Wednesday, 22 May 2024
Wednesday, 22 May 2024

Manchester Arena bomb survivor helps racegoers raise over £30k for spinal research

YORKSHIRE racegoers have raised over £30,000 to help the UK’s leading spinal research charity in their mission to find a cure for paralysis.

The opening meeting of the steeplechasing season at Wetherby Racecourse is a traditional fundraiser for Spinal Research and racegoers were joined this year by inspirational Manchester Arena bomb survivor Martin Hibbert.

Martin and his daughter Eve were just six metres away from suicide bomber Salman Abedi when he detonated his devastating device at the end of an Ariana Grande concert six years ago.

He was paralysed after one of 22 shrapnel wounds severed his spinal cord. Eve miraculously survived a catastrophic brain injury but, despite amazing progress, still requires round-the-clock care.

Martin, 47, said:

“I’m very excited about where things are going at the moment, with science offering real hope for people with spinal cord injuries.

“Curing paralysis is a journey of restoring the functions stolen by this injury and it’s one we have now started. Restoring things like bowel and bladder function, or some hand and arm function will make such a huge difference to the quality of life of millions of people.”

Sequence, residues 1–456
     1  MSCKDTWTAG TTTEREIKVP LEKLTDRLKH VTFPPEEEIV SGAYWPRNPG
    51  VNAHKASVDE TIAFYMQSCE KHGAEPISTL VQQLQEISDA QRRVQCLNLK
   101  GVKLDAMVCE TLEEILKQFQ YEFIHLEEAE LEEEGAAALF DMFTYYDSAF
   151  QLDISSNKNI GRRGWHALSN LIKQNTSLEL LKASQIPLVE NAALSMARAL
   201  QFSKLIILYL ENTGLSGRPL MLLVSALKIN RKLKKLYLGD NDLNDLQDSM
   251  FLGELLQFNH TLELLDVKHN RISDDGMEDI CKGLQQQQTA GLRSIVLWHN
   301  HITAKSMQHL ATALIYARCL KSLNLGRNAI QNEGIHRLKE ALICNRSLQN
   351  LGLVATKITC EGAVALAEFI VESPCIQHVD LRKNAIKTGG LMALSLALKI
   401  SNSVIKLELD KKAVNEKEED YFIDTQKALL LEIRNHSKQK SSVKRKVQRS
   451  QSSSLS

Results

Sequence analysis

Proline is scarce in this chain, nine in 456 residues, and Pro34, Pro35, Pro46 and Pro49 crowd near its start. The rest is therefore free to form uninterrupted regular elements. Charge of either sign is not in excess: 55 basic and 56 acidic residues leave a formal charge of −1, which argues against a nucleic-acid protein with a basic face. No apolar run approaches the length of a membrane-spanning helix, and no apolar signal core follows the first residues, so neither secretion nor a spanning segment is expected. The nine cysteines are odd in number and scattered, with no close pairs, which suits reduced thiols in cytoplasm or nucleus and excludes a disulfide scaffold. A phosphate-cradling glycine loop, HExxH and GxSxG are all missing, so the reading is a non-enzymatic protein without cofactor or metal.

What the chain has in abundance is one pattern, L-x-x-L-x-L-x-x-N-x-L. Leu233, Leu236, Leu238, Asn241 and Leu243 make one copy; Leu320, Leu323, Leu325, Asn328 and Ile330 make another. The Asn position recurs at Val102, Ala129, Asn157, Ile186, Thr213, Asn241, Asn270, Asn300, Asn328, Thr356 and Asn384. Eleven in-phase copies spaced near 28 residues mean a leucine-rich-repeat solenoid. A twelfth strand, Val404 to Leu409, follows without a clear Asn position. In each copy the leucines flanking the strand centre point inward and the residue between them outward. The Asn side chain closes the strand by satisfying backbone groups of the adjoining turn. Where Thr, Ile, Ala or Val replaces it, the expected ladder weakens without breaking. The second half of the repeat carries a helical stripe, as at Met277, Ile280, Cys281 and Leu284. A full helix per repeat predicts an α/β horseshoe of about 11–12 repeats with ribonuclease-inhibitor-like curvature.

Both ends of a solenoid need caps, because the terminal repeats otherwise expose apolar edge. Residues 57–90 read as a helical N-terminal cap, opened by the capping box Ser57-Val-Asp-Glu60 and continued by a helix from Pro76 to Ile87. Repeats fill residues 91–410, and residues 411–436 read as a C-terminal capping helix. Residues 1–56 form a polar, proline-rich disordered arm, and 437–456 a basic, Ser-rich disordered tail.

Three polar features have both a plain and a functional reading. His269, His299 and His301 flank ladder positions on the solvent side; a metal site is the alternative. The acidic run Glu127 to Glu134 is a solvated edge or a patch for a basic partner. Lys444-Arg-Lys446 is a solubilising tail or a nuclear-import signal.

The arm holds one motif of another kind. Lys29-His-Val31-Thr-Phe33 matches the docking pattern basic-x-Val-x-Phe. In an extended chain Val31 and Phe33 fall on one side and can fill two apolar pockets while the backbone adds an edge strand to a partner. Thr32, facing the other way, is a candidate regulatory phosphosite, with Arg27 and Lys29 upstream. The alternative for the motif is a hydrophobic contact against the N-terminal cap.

The inspirational campaigner and fundraiser who last year became only the second paraplegic to summit Mount Kilimanjaro added:

“That’s why it’s so important to support the amazing and important work that Spinal Research do.”

Every four hours someone in the UK is paralysed following a spinal cord injury with 60,000 people and their families living with the devastating consequences.

Spinal Research Chair Tara Stewart, who was paralysed from the chest down after a horse-riding accident in 2014, said:

“Curing paralysis will be the medical breakthrough of the 21st Century.

“Up until recently, looking for function-restoring treatments for people with spinal cord injuries has been a bit like looking for a needle in a haystack.

“We have now found some of those needles but what we need now is the funding to get those treatments to the people who need them.”

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